To be fair though, the blame for her abundance in music isn’t all on her. The Swiftie community is often starved for content, and will wait all of 30 seconds before demanding Swift for more music. And seeing as how she gave us a whopping 31 tracks, it seems like Swift doesn’t know how to say no.

We tried to make the argument that we initially had similar reactions to folklore and evermore on the first listens, which are now some of our favorite albums of all time. However, instead of the album growing on us, with every listen we started to grow more tired of the songs, almost solely because of the sheer amount of songs. Apart from “The Alchemy,” we wouldn’t say that any of these songs are inherently bad when they’re heard individually. But when you mash them together into a huge album, each of them lose their unique charm and sound too similar to even stand out.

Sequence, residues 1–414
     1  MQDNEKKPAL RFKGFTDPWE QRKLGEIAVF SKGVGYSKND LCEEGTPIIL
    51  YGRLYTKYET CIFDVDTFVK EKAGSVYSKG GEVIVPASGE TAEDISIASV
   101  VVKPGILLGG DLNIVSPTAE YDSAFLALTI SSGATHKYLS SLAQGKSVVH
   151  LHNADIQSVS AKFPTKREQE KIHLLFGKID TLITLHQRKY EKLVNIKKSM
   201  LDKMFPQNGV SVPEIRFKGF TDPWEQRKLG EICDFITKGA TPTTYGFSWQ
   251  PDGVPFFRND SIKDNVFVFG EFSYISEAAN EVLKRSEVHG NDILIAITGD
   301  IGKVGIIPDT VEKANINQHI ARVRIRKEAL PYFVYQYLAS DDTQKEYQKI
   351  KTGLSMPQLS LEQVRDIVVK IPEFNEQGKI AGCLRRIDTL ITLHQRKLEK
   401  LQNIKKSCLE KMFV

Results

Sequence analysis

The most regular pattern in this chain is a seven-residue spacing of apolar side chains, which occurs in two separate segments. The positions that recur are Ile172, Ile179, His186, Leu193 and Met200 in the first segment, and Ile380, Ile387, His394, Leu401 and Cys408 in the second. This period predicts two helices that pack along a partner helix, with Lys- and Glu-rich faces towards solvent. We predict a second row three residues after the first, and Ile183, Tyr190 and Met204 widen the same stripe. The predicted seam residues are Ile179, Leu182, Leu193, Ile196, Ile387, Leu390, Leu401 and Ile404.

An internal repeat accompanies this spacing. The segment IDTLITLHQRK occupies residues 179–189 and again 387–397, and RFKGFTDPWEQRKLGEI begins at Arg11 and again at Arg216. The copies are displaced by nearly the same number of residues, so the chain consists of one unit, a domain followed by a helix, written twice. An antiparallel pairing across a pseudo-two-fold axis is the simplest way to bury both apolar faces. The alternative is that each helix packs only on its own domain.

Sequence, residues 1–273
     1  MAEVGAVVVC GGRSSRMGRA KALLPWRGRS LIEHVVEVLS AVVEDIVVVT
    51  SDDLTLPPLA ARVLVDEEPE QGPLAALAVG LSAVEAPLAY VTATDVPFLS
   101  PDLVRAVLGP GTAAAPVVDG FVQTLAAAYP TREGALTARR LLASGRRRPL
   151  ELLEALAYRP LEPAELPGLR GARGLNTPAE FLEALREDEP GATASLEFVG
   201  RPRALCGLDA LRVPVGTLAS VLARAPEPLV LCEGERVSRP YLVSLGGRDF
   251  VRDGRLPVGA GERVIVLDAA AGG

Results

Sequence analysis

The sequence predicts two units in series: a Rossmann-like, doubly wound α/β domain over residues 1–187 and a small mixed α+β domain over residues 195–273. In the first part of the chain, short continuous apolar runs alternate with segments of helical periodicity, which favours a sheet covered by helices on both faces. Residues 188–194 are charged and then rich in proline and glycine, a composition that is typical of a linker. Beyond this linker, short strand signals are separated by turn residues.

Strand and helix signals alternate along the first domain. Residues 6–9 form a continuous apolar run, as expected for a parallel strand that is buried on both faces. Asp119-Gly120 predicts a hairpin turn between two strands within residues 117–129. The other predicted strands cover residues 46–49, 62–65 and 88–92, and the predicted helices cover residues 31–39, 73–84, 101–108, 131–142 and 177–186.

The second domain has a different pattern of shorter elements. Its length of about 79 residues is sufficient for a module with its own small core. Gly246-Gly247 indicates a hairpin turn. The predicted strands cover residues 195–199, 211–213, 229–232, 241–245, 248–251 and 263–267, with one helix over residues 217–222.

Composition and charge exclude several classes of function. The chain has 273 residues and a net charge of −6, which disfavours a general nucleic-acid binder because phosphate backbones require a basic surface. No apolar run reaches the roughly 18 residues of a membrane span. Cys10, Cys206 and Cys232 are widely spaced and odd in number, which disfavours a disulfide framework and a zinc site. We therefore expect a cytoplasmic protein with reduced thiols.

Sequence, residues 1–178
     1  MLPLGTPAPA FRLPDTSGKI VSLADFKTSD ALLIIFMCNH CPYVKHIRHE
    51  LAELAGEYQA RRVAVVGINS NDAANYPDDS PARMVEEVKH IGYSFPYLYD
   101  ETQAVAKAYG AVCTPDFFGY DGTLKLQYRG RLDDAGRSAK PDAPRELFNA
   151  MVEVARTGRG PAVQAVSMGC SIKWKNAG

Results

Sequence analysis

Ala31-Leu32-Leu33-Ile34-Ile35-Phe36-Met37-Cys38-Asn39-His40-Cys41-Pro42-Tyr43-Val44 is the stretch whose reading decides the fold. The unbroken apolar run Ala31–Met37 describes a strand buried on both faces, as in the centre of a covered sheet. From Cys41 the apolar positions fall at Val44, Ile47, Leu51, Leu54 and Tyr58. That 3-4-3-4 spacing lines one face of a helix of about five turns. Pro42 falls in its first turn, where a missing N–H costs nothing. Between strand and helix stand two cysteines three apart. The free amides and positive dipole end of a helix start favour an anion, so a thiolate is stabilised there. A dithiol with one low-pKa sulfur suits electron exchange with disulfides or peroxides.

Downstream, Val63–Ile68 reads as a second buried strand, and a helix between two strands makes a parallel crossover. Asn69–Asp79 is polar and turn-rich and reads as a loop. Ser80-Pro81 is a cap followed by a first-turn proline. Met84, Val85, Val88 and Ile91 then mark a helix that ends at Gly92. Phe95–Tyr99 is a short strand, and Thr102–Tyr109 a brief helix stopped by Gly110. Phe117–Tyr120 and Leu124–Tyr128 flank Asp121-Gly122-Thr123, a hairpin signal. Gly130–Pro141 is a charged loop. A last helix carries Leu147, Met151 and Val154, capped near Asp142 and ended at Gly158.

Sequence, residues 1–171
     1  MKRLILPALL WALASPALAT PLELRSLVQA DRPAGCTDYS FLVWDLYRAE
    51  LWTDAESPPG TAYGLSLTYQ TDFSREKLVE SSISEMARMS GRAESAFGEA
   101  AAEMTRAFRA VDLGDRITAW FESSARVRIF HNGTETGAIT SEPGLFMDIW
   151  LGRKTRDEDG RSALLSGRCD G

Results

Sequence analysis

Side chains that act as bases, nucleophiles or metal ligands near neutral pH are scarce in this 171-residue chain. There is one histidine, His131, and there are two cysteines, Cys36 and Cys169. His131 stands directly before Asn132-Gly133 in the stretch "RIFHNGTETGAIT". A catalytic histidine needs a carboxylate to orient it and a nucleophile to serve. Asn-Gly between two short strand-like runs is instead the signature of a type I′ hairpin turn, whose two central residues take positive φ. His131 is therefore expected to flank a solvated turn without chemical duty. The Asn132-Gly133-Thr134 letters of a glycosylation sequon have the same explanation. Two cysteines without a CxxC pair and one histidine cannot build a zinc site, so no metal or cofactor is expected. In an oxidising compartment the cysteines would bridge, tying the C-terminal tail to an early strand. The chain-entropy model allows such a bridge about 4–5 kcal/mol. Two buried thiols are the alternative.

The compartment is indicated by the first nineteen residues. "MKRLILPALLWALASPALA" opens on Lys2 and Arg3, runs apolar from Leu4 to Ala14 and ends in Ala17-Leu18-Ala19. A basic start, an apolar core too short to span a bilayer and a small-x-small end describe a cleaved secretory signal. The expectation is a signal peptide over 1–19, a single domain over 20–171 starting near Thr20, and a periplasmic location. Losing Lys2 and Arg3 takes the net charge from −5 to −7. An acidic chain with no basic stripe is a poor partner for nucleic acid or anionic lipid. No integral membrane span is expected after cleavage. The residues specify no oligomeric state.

They all basically tell the same story. It’s funny how we can categorize an entire 31-song album into 4 stories:

  1. She was the only one putting in work in her relationship with actor Joe Alwyn.
  2. Her relationship with The 1975’s lead singer, Matty Healy, was a passionate rebound that felt good as long as she ignored his drug addiction and the millions of people bashing on her for dating a racist bigot.
  3. Football tight end Travis Kelce is her 100% organic beef American dream boyfriend.
  4. She cries a lot. She is wronged a lot.
The people mentioned in Taylor Swift’s newest album, “The Tortured Poets Department.” (Pop Trend)